Bill Murray has played this role before: the grouchy, irascible selfish hedonist, the heir apparent to Walter Matthau as the prototypical “Grumpy Old Man.” And there’s just something compelling about Murray’s screen presence, so much so that even after watching him for the entire movie, we still want to see him overwater plants from his porch during the closing credits, cigarette dangling from his mouth, singing along badly to his old-school cassette player strapped around his unenhanced frame. Somehow, he looks frumpy and ruffled even when he’s relatively dressed up. His living room is a disaster area. His old frame house is beaten down, unkempt, and unimproved, kind of like he is. He barks at the neighbors and seems to enjoy sitting by himself and scowling at the world going by. The exceptions are his kind-of girlfriend, the old hooker-with-the-heart-of-gold, Daka (Naomi Watts), complete with bad hair and a bad Slavic accent, unafraid to show off her burgeoning belly – even as a dancer in a strip club – because she’s both aging and pregnant. And ready to quit “the biz.”
The only thing Vincent really enjoys doing is going to the Belmont race track and blowing what little money he has. He’s already run through the reverse mortgage on the house and now has no more equity to borrow against. And the local loan shark, Zucco (a remarkably subdued Terrence Howard), is badgering him about owing money, an unpleasantness that will soon get nasty and ugly.
Despite the fact that Vincent hates almost everybody, he still accepts a job baby-sitting the new neighbor’s little boy, Oliver (Jaeden Lieberher), because he’s quiet and is not as annoying as he could be. And besides, Vincent needs the money. Oliver’s mom, Maggie (an even more subdued Melissa McCarthy), freshly separated, is trying to earn extra money for the custody defense fund, so she’s gone a lot. Vincent just takes Oliver wherever he goes, including to the racetrack and to his favorite local bar, where he routinely exchanges insults with the bartender with acid relish and cynical gusto. When it’s clear to Vincent, even through his alcoholic haze, that Oliver is getting beaten up at school, Vincent shows him how to deliver an uppercut to the nose that actually works, though Oliver’s mom is none too pleased with teaching her boy how to fight.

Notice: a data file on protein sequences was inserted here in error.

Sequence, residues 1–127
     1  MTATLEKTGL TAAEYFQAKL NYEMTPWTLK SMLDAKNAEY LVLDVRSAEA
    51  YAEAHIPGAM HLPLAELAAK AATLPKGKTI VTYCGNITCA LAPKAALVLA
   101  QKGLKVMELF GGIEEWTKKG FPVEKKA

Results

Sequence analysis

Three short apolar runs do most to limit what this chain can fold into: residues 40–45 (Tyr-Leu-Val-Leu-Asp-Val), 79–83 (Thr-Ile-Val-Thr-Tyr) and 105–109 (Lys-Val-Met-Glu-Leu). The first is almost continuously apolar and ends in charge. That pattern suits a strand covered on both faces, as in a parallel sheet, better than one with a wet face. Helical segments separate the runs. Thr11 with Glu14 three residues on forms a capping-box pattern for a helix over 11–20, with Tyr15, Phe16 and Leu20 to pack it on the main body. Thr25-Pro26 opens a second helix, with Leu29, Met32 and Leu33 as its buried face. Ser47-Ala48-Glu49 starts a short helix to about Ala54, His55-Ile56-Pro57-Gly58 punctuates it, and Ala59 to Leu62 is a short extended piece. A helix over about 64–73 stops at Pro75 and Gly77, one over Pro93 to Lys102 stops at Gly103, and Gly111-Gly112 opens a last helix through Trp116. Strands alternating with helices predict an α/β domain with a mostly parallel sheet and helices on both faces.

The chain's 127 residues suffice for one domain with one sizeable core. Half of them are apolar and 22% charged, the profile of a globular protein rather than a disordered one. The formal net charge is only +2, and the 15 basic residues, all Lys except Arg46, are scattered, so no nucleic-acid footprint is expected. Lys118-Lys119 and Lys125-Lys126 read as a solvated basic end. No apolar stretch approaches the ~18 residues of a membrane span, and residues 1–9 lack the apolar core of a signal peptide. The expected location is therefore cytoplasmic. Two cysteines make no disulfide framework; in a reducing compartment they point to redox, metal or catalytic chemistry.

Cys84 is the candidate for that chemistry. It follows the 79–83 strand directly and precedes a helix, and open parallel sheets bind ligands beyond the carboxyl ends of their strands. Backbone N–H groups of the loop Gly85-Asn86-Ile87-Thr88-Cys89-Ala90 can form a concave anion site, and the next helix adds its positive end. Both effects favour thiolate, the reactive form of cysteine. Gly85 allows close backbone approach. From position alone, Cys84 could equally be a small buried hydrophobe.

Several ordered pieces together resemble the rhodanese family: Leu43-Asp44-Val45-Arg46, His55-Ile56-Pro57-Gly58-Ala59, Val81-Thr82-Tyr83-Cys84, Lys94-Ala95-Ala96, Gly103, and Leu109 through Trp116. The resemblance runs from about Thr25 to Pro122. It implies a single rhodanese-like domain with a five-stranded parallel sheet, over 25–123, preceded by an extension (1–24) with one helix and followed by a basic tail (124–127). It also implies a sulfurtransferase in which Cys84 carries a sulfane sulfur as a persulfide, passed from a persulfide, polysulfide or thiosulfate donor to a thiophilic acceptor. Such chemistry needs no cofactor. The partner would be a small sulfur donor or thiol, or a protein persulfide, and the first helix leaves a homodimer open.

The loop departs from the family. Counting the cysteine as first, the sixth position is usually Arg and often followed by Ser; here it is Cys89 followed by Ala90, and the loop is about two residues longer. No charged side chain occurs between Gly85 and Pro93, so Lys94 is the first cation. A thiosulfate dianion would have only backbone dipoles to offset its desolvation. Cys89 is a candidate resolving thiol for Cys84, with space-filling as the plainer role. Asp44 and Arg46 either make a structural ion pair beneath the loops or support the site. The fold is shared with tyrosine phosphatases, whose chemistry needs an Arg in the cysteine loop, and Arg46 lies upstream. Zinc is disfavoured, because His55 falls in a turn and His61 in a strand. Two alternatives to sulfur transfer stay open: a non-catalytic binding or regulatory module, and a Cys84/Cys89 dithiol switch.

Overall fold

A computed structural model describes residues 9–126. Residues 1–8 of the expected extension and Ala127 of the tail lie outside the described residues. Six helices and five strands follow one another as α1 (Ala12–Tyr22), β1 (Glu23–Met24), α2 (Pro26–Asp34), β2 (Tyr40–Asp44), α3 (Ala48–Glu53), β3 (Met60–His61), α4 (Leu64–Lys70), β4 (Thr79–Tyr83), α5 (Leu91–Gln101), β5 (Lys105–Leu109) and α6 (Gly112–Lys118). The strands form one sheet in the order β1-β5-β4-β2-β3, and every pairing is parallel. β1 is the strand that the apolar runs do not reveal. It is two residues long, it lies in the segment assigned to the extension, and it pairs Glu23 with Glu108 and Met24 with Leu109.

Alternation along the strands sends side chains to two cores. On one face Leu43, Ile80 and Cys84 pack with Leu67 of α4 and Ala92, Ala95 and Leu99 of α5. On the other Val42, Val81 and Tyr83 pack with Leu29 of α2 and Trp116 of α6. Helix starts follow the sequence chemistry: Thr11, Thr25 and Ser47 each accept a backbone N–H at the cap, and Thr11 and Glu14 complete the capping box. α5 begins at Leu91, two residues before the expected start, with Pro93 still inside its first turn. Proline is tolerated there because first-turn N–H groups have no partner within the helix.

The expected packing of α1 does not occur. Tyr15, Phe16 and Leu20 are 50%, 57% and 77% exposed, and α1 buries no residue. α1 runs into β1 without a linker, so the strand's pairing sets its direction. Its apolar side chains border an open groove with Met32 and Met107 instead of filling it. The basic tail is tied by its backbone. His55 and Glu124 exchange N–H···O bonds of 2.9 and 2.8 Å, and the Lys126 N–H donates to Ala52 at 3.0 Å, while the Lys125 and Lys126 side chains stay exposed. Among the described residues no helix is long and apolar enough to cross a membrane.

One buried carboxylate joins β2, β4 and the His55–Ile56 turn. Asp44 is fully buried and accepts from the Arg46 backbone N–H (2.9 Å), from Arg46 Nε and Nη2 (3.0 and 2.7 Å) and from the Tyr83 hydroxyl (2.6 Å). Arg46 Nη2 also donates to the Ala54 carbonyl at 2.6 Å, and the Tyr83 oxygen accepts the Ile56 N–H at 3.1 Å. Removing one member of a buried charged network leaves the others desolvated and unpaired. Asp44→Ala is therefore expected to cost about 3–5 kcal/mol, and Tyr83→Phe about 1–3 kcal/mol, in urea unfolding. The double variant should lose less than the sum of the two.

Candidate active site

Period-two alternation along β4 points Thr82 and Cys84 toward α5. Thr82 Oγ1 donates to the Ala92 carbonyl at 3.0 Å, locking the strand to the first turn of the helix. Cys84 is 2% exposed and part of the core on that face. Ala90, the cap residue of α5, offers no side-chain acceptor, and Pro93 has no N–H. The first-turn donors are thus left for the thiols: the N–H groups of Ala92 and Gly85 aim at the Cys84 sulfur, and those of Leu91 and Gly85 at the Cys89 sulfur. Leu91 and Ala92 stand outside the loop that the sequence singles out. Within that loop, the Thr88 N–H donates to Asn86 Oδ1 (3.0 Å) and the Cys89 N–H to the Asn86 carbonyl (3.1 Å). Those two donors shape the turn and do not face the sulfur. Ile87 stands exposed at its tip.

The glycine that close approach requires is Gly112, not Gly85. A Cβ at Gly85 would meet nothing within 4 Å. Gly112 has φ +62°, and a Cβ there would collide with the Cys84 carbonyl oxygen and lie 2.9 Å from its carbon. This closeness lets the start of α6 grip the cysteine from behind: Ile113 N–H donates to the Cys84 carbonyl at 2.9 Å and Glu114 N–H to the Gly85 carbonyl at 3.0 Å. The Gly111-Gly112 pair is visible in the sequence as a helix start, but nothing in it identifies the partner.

The only other person Vincent really cares about is an attractive lady at the nursing home who has dementia, for whom Vincent dresses up in a white doctor’s coat, listens to her heart with a stethoscope, and then sits and listens to her talk about how pretty the flower colors are by the pond where she lives. We later learn that this is Vincent’s wife, whom he still treats with a tenderness and affection, despite the fact that she has no idea who he is. Nor does he have any idea how he’s going to continue to afford her pricey assisted living facility.
Yes, we all know what’s happening here: Oliver and Vincent are going to develop a caring relationship, almost despite themselves and everyone around them. Sure, we’ve seen the premise before, but still, Bill Murray is just worth watching, and the 11-year-old kid is a good foil and actually a veteran actor himself.
Is Vincent a saint? Well, it depends on your definition… if you aren’t Catholic, that is. Is a saint someone who helps others? Regardless of character flaws? Maybe this film would generate a lively discussion among us moviegoers afterwards about who the saints are in our lives. And whether anyone else would consider them as such or not.
Ronald P. Salfen is the parish associate at Woodhaven Presbyterian Church in Irving, Texas.